Introducing Soapberry for Ackee

Update: this plugin was originally called Ackee WP but has been renamed to Soapberry to comply with the WordPress.org trademark policy for plugins. The plugin can now be found on WordPress.org under the slug Soapberry.

As part of my desire to own my data, I haven’t used Google Analytics for the past few years. In that time I’ve been curious about my site statistics but knew when I resumed collecting data I wanted to do so in a way that respected the privacy of my visitors.

This year I started a search for self-hosted tracking solutions and came across a lightweight node application, Ackee. After looking at a few other options I decided on Ackee for its care in anonymizing user data. Through hashing the user’s IP, a unique domain ID, and a salt which changes daily, site visits can be tracked without tracking the individual visitors.

For my needs, I want to know how many visits my sites are getting, where visitors are coming from, and how long they stay on the site. However, I do not have a need or desire to track individual visitors.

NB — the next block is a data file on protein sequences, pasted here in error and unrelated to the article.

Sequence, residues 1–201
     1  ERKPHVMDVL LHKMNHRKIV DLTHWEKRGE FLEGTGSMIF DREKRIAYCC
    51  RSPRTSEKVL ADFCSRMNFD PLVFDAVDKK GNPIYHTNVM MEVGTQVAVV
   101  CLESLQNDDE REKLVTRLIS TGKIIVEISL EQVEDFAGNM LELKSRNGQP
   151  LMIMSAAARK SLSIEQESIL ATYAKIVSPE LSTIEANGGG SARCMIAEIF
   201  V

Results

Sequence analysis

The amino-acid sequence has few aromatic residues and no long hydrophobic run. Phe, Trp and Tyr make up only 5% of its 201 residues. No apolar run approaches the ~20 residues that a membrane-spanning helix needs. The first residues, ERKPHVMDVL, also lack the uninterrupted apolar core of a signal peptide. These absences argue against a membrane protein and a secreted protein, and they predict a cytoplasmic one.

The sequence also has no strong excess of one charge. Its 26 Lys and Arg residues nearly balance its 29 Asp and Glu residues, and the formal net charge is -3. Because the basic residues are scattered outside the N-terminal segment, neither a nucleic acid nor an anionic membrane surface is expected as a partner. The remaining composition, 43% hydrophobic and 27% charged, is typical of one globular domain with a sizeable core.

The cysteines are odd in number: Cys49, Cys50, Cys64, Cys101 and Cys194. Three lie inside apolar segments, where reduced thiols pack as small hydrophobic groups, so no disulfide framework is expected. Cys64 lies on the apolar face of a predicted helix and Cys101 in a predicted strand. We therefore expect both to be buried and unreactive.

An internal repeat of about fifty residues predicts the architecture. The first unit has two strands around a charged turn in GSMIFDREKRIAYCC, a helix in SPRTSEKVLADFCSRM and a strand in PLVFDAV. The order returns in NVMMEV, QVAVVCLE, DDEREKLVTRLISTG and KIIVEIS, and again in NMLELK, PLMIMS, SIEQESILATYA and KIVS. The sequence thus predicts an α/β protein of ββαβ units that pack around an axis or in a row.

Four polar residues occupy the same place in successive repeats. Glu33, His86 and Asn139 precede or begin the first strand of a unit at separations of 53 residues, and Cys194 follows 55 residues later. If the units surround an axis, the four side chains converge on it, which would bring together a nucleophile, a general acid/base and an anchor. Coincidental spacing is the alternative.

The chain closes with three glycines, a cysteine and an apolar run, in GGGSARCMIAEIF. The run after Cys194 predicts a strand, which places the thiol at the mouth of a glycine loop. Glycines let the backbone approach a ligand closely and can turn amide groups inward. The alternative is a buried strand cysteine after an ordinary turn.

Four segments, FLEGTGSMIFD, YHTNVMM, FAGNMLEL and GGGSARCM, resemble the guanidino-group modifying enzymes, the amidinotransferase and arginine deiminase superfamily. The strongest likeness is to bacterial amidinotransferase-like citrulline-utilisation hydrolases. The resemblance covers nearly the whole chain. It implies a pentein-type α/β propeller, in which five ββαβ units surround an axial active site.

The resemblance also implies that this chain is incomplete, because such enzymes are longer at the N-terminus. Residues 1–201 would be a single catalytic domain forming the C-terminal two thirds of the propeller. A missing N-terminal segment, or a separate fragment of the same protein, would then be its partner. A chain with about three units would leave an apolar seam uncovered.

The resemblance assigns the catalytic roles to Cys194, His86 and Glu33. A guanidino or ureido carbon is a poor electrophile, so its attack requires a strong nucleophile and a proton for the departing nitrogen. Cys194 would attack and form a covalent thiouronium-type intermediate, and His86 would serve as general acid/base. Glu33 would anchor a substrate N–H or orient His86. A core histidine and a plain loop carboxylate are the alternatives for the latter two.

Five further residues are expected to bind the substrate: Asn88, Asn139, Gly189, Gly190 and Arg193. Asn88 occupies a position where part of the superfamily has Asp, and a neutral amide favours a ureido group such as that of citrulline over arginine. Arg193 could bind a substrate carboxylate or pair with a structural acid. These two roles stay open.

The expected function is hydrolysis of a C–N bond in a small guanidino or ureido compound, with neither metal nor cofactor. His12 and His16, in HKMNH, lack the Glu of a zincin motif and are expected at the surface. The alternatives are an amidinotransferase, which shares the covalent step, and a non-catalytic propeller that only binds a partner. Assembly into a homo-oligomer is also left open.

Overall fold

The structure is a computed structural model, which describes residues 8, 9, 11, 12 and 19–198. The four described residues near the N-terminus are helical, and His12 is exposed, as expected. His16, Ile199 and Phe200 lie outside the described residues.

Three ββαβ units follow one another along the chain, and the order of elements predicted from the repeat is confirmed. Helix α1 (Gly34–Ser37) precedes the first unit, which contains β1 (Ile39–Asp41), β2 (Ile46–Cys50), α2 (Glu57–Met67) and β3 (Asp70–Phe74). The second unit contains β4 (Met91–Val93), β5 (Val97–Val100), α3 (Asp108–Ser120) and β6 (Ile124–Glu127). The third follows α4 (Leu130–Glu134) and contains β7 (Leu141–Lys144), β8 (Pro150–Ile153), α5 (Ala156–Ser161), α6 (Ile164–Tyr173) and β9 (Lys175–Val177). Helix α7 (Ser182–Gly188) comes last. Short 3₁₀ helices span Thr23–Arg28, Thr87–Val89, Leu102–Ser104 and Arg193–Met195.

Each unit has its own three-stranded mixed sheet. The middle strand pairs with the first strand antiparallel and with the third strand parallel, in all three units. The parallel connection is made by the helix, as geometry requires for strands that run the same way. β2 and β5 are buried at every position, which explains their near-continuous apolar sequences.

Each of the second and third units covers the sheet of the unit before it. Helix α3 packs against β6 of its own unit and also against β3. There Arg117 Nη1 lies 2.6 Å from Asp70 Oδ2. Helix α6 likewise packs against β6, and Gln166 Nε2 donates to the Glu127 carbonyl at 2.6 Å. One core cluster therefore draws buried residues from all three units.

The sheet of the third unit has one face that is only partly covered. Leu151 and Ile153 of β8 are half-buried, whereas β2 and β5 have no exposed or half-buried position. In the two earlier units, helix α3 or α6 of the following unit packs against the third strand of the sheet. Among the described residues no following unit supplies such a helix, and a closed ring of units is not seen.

Using Ackee with WordPress

After setting up an Ackee instance and adding the tracking script to a few static sites I wanted to bring the functionality to my WordPress sites. At first, I just edited the theme’s footer.php file which worked well enough as a quick way to insert the script. Next, I hooked into wp_footer() so it would be easier to exclude logged in visits from the analytics.

While both of these methods work they do require a bit of WordPress know-how and do not carry over when switching themes. Wanting a better solution, I got to work writing Soapberry a WordPress plugin that adds the Ackee tracking script and data attributes to the site’s footer based on settings saved on a WP Admin page.

Keeping things simple at first, this first version of the plugin only has the ability to exclude all logged-in visitors and does not take into account the personal data options provided by Ackee. In the future, you may be able to exclude visits by role and enable opt-in tracking for personal information.

Exploring Ackee Alternatives

If after looking at Ackee you don’t think its right for you that’s okay. Ackee won’t be right for everyone. The good news is there are other options when looking to move away from Google Analytics, Facebook Pixel, or other third-party tools.

Chris Wiegman wrote a post on anonymizing and tracking visits at the server level to avoid the JavaScript requirement of many trackers. The folks over at Awesome Open Source also list several other Analytics tools that can be explored. If you find a tool you like let me know what you are using in the comments.

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